http://journals.sagepub.com/doi/10.1177/2374289517715040..
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http://dx.doi.org/10.1177/2374289521994236DOI Listing
http://www.ncbi.nlm.nih.gov/pmc/articles/PMC7923970PMC
February 2021

Spectrum of Kidney Diseases in Patients With Hepatitis C Virus Infection.

Am J Clin Pathol 2021 Aug;156(3):399-408

Department of Pathology, Microbiology and Immunology, Vanderbilt University School of Medicine, Nashville, TN, USA.

Objectives: To study the pathologic spectrum of kidney diseases in patients with hepatitis C virus infection (HCV+).

Methods: Native kidney biopsy specimens in HCV+ patients were reviewed.

Results: A total of 9,836 native kidney biopsy specimens were evaluated from January 2007 to December 2016, of which 273 (2.8%) were from HCV+ patients, and of these, 115 (42.1%) had diagnoses consistent with HCV-associated glomerulonephritis (GN). Non-HCV-associated kidney diseases comprised most diagnoses (158 cases, 57.9%) including non-immune complex-mediated kidney diseases (127 cases, 46.5%) and other immune complex-mediated glomerular diseases (31 cases, 11.4%). Forty-one (40.6%) patients had HCV-associated GN among 101 HCV+ patients from 2007 to 2011 vs 74 (43.0%) patients with HCV-associated GN among 172 HCV+ patients from 2012 to 2016. HCV-associated GN showed five morphologic patterns: focal proliferative (5.2%), diffuse mesangial proliferative (50.4%), diffuse membranoproliferative (28.7%), proliferative GN with crescentic lesions (7.8%), and membranous patterns (7.8%).

Conclusions: We found a spectrum of pathologic changes in renal biopsy specimens of HCV+ patients, with most having diseases unrelated to HCV infection, HCV-associated GN showing five morphologic patterns, and availability of effective HCV antiviral therapy not yet resulting in major changes in the spectrum of kidney diseases in these patients.
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http://dx.doi.org/10.1093/ajcp/aqaa238DOI Listing
August 2021

A Postmortem Portrait of the Coronavirus Disease 2019 (COVID-19) Pandemic: A Large Multi-institutional Autopsy Survey Study.

Arch Pathol Lab Med 2021 05;145(5):529-535

The Department of Pathology and Cell Biology, Columbia University, New York, New York (Sekulic).

Context.—: This study represents the largest compilation to date of clinical and postmortem data from decedents with coronavirus disease 2019 (COVID-19). It will augment previously published small series of autopsy case reports, refine clinicopathologic considerations, and improve the accuracy of future vital statistical reporting.

Objective.—: To accurately reflect the preexisting diseases and pathologic conditions of decedents with SARS-CoV-2 (severe acute respiratory syndrome coronavirus 2) infection through autopsy.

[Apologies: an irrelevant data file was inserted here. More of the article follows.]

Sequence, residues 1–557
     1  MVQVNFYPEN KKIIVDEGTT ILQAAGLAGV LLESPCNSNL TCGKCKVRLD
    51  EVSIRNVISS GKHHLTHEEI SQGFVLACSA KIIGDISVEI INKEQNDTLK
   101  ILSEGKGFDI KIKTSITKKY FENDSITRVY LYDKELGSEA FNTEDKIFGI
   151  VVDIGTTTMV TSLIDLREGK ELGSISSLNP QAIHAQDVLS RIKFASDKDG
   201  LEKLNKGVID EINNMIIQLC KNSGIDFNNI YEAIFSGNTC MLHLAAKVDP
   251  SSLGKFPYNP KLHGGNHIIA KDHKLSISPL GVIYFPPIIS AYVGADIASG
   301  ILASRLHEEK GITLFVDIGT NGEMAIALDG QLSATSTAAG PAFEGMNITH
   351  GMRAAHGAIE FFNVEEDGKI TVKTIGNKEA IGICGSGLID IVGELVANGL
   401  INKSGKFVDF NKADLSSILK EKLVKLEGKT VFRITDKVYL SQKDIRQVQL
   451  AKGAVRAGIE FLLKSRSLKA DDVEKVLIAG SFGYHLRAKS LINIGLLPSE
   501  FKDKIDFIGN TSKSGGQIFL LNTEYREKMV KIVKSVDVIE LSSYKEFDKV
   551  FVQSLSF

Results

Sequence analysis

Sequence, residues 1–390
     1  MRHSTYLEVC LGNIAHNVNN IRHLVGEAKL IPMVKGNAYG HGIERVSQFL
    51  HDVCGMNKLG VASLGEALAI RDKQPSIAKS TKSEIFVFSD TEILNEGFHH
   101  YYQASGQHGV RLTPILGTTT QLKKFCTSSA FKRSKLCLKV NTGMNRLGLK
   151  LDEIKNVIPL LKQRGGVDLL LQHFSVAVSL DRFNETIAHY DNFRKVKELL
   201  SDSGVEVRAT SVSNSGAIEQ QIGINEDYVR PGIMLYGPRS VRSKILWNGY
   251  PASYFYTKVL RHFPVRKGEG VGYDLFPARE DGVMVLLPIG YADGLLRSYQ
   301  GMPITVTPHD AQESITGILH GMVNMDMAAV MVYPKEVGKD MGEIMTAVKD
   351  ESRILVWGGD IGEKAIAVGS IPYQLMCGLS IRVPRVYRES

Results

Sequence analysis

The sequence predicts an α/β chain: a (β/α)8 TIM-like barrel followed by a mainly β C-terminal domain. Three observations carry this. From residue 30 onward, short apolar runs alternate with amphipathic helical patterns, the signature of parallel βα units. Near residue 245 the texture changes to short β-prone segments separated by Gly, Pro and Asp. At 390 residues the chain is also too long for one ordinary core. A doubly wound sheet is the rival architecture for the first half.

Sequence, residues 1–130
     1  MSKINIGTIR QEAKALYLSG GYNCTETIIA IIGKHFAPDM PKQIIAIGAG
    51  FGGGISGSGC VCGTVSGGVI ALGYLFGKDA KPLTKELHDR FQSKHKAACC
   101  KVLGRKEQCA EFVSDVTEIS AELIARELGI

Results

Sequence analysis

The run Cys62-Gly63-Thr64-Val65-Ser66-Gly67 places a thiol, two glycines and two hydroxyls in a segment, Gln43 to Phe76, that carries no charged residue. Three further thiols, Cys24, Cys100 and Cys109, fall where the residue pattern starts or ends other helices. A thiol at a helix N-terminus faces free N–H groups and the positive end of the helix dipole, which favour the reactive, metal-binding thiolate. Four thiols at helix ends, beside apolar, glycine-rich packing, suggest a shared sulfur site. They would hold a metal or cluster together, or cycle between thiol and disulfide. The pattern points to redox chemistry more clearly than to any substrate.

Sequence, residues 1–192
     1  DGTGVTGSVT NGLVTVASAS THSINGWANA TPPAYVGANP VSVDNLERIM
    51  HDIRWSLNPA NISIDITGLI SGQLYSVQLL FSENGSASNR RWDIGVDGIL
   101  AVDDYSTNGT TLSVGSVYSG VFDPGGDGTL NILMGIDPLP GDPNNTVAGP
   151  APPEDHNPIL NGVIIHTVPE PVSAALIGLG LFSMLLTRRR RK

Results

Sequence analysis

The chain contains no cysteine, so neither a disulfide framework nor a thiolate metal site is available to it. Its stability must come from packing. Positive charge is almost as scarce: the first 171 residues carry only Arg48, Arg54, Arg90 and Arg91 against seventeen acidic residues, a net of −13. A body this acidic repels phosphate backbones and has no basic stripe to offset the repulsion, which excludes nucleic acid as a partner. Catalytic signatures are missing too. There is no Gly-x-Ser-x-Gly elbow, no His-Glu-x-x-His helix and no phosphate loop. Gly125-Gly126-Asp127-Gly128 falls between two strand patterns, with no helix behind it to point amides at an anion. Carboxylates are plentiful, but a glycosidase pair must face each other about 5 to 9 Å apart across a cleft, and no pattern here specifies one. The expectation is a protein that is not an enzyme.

Design.—: Comprehensive data from 135 autopsy evaluations of COVID-19-positive decedents is presented, including histologic assessment. Postmortem examinations were performed by 36 pathologists at 19 medical centers or forensic institutions in the United States and Brazil. Data from each autopsy were collected through the online submission of multiple-choice and open-ended survey responses.

Results.—: Patients dying of or with COVID-19 had an average of 8.89 pathologic conditions documented at autopsy, spanning a combination of prior chronic disease and acute conditions acquired during hospitalization. Virtually all decedents were cited as having more than 1 preexisting condition, encompassing an average of 2.88 such diseases each. Clinical conditions during terminal hospitalization were cited 395 times for the 135 autopsied decedents and predominantly encompassed acute failure of multiple organ systems and/or impaired coagulation. Myocarditis was rarely cited.

Conclusions.—: Cause-of-death statements in both autopsy reports and death certificates may not encompass the severity or spectrum of comorbid conditions in those dying of or with COVID-19. If supported by additional research, this finding may have implications for public health decisions and reporting moving forward through the pandemic.
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http://dx.doi.org/10.5858/arpa.2020-0786-SADOI Listing
May 2021

Instance segmentation for whole slide imaging: end-to-end or detect-then-segment.

J Med Imaging (Bellingham) 2021 Jan 7;8(1):014001. Epub 2021 Jan 7.

Vanderbilt University, Department of Electrical Engineering and Computer Science, Nashville, United States.